As the boom in Australia’s infrastructure projects progresses there seems to be a competition between the states in Australia to build the longest tunnel, use the most local content, minimise energy usage and complete projects early and under budget. Spare a thought for those who must manage these assets when the dust settles and the backslapping stops.
The Hydroflux Group comprises several companies providing design and build projects, equipment, processes and operational services to a variety of infrastructure projects requiring water and wastewater treatment.
Our engineers and operators have been exposed all different types of wastewater treatment assets, both private industrial and municipal, and all with differing complexities of operation and equipment condition monitoring systems.
One of the great challenges when offering advanced equipment and processes for any project, whether for major infrastructure or small private industrial clients, is the balance between the capital cost of the new project and the future cost to operate the plant.
Most people acknowledge that spending more now will save costs in the long run, but when faced with a budget they must choose where to spend.
Equipment and processes that provide savings on power and energy, save water, allow water reuse, or use less consumables all add value that can be quantified in some way to justify spending a little more.
It is much harder to show a return on investment for a design that caters for the needs of operators in effective asset management.
In preparation for our regular presentation at the Wastewater Systems Design and Management Workshop, hosted by the Australian Sustainable Business Group, Hydroflux have canvassed engineering and operational staff and our clients for the greatest challenges in the operation and maintenance of treatment plants.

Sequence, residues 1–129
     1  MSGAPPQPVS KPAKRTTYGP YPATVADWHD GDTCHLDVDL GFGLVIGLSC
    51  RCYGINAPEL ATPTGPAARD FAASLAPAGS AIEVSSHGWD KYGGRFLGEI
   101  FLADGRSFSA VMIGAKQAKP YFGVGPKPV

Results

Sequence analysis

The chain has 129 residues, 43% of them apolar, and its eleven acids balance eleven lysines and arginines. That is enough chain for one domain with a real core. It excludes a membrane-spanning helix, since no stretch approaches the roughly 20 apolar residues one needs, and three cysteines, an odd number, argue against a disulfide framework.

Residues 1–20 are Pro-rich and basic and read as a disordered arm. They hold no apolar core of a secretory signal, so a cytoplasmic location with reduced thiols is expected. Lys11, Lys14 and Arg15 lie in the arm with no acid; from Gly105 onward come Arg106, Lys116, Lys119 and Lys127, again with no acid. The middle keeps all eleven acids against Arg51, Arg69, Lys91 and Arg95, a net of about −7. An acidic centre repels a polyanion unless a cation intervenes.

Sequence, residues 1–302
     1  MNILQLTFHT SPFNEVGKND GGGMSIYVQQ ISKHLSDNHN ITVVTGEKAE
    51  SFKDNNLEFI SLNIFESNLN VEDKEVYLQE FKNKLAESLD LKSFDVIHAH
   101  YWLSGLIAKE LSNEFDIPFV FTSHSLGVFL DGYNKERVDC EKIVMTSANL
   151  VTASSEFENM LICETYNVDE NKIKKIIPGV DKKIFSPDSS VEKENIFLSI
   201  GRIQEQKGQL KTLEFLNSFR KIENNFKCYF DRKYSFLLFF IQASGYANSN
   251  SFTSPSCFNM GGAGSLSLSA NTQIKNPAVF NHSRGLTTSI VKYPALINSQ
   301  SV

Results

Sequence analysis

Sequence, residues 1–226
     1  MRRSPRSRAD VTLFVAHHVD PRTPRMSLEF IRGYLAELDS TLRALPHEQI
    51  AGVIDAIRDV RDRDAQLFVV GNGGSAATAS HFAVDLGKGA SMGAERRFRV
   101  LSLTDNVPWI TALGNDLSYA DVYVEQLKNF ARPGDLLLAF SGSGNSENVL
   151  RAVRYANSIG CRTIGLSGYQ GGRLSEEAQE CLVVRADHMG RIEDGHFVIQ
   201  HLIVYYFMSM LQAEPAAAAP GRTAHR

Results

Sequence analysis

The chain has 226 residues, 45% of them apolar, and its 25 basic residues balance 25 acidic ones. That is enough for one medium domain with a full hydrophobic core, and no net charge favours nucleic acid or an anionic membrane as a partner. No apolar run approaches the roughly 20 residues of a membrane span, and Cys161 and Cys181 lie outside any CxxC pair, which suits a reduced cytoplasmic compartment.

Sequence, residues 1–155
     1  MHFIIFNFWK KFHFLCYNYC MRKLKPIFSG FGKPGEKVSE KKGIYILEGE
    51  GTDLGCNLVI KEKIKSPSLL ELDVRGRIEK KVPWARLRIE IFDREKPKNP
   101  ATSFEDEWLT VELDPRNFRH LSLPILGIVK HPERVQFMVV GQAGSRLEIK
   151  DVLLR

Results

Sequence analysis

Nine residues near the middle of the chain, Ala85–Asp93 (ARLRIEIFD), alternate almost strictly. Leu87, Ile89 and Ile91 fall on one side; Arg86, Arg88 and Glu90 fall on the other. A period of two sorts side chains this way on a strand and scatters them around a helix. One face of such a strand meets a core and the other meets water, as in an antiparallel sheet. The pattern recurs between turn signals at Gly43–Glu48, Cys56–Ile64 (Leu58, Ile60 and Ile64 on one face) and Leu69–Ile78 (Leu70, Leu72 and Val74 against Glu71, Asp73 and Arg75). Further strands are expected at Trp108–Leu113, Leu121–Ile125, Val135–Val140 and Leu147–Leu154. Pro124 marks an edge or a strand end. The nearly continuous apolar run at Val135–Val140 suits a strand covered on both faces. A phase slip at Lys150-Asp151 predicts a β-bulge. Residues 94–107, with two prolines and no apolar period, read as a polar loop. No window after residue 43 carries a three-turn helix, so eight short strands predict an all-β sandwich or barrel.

Two surprising aspects of the design came up as critical:
- Keep it simple
- Make it intuitive
This is not necessarily what you think, and it does not mean that the plant should not be complex. The design should simply hide these complexities for day to day operation so that an operator can see what they need to see quickly and make fast and effective decisions.
Imagine getting into the cockpit of a plane and having all those instruments, switches and dials at your fingertips, but only really needing the throttle and stick when you are in the air.
Some wastewater treatment assets are like this, and the intention is to allow a variety of conditions to be monitored and recorded, and to provide a full range of adjustable settings. But most treatment plants, once they have been optimised, will only have one or two settings that need to be tweaked on a regular basis – if any.
The RoadTRAIN is a prefabricated on-site sewage treatment system specifically designed for use in remote locations. It is the perfect example of a complex system that has been made to operate simply. By minimising the reliance upon instruments and drives the RoadTRAIN is easy for operators to monitor for performance and maintenance requirements.
Much of this simplicity can be achieved by making the system smart and intuitive. Perhaps the best example of an intuitive system is the HySMART™ SBR.
Rather than rely on an operator to identify that the aeration system is running too long, wasting energy and placing unnecessary wear on equipment, the HySMART™ SBR will intuitively adjust its cycle times for optimum performance.
These are only two examples of a variety of wastewater treatment and sludge management processes that can be designed for effective asset management.
View more information on the RoadTRAIN here.
View more information on HySMART™ SBR here.
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